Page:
Homocysteine Test

Excess Homocysteine

The Homocysteine Test is a serum assessment of homocysteine levels. Homocysteine is an amino acid requiring vitamins B12, B6 and folate to break down and metabolize to create other chemicals your body needs. High homocysteine levels may mean you have a vitamin deficiency. Without treatment, elevated homocysteine increases your risks for dementia, heart disease and stroke.

Turnaround Time: 1-2 weeks

Turnaround times are estimates. Detailed order tracking is available in the MosaicDX Portal.

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What Patients Might Benefit from Homocysteine Testing?

There are a number of symptoms and conditions associated with excess homocysteine:

  • Atherosclerosis
  • Certain Cancers
  • Depression
  • Insulin Resistance
  • Metabolic Syndrome
  • Osteoporosis
  • Psychiatric Disorders
  • Schizophrenia
  • Type 2 Diabetes


Why Assess Homocysteine Levels?

Homocysteine is an amino acid containing sulfur that is not used for protein synthesis. It is formed during the methionine cycle, also known as the transsulfuration methylation cycle, which plays a crucial role in linking sulfur amino acid metabolism with important methylation reactions. Homocysteine can be produced by breaking down S-adenosylmethionine or by converting homocysteine thiolactone, a toxic substance, to homocysteine using paraoxonase 1 (PON1), an enzyme that also helps detoxify organophosphate pesticides.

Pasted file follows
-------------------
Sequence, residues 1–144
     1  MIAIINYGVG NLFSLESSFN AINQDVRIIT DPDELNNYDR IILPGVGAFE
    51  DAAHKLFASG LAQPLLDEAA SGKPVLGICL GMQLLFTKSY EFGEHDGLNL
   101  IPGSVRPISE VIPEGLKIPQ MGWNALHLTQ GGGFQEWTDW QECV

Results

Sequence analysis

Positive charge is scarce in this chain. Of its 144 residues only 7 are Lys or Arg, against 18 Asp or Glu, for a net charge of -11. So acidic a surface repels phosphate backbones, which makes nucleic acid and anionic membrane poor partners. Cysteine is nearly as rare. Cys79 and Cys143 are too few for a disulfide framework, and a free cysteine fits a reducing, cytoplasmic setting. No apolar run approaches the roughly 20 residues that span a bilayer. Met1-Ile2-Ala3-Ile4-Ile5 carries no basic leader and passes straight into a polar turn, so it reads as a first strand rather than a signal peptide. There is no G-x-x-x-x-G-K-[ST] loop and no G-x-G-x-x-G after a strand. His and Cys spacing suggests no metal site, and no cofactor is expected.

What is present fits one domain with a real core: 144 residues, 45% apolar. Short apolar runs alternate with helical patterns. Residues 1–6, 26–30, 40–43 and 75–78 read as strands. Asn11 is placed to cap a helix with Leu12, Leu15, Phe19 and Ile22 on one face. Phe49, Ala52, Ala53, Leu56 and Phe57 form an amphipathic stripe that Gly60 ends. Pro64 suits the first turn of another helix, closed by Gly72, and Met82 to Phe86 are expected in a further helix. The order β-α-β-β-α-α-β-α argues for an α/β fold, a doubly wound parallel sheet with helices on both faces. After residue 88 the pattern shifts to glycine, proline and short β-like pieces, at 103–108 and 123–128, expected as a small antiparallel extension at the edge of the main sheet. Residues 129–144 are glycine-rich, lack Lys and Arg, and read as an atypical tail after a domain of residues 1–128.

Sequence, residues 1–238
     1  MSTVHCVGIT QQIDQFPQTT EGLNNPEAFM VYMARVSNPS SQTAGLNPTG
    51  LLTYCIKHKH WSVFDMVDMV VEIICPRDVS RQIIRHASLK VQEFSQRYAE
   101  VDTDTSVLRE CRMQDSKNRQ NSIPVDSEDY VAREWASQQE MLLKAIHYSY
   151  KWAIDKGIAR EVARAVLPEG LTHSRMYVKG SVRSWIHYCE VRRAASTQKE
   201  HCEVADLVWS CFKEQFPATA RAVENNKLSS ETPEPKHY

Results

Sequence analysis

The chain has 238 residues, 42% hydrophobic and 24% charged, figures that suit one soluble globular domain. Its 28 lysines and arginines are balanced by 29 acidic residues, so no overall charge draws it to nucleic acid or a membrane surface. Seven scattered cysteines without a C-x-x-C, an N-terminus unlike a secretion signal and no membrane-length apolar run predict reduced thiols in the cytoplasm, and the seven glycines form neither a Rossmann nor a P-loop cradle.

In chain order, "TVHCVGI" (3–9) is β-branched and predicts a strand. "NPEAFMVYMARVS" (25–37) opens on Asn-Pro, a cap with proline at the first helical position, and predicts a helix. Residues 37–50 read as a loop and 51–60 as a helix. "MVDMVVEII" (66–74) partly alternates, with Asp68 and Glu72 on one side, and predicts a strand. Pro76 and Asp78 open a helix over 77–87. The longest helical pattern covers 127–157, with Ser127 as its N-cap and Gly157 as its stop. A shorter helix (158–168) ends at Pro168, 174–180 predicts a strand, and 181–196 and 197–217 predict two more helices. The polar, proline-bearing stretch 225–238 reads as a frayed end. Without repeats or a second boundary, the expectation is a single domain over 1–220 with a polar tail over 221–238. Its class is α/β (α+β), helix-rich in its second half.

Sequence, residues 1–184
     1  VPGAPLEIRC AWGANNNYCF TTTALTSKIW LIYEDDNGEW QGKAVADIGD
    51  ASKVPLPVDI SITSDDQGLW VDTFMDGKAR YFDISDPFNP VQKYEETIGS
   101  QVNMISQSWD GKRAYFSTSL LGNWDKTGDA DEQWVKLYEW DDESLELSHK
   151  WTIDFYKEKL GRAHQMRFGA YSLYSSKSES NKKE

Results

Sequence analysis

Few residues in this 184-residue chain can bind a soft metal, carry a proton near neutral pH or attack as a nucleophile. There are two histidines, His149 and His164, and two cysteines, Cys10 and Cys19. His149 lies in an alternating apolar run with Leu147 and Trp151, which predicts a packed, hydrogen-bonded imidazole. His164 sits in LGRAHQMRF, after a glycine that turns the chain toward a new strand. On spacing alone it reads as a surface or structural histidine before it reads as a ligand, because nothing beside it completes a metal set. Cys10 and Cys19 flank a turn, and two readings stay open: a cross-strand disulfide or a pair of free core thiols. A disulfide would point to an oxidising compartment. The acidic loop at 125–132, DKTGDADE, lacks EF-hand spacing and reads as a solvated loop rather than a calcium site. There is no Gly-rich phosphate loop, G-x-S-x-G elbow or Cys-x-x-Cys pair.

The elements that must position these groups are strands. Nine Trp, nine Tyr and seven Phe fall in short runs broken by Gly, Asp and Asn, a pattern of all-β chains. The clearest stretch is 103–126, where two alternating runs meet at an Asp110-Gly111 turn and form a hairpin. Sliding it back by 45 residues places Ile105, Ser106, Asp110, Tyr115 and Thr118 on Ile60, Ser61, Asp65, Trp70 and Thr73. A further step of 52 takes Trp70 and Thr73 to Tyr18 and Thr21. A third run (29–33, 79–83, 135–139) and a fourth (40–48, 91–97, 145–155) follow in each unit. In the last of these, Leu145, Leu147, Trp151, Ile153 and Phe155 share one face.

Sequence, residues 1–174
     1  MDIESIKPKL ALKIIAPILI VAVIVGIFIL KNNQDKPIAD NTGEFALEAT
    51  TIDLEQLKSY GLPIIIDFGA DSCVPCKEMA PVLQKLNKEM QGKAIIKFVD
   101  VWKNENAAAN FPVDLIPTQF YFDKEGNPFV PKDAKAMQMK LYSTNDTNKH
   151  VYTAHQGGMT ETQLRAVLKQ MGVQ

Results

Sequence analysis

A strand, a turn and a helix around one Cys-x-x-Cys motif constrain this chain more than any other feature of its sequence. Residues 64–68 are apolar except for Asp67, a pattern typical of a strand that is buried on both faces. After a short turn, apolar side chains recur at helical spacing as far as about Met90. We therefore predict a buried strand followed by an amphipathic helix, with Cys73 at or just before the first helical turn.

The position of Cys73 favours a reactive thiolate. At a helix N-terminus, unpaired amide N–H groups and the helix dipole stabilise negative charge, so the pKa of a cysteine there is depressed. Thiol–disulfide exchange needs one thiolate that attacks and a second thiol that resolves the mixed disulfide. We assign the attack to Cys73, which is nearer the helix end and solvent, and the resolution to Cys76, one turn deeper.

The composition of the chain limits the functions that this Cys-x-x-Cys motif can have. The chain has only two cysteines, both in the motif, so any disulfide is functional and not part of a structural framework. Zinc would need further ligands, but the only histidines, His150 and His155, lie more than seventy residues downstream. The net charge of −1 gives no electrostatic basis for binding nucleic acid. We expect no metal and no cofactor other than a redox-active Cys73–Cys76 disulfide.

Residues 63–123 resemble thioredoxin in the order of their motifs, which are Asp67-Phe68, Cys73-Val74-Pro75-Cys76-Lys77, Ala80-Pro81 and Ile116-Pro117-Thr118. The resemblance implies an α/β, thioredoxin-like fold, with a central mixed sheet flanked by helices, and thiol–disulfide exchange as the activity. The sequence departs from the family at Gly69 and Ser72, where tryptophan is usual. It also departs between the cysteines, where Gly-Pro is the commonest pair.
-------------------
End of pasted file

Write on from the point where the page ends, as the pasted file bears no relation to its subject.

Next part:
To clear homocysteine from the body, methyltetrahydrofolate, methylcobalamin, betaine, or pyridoxal-5-phosphate is needed. Methylcobalamin is a highly effective methylating coenzyme that can directly convert homocysteine to methionine without the need for another enzyme.

Various factors can increase homocysteine levels, including genetic deficiencies in enzymes involved in the transsulfuration methylation cycle (such as MTHFR, CBS, BHMT, and others), a diet high in methionine, or deficiencies in folate, vitamin B12, vitamin B6, or betaine. Megadoses of niacin, nitrous oxide anesthesia, and excessive copper can also lead to elevated homocysteine levels.

On the other hand, a diet rich in folate compounds, vitamin B12, methylcobalamin, betaine, or supplements containing these nutrients can help lower homocysteine levels. Exposure to certain toxic chemicals can activate CBS, leading to increased conversion of homocysteine to cystathionine and a decrease in homocysteine levels. Removing toxic substances from the body may also result in increased serum homocysteine levels.

What are Testing Considerations?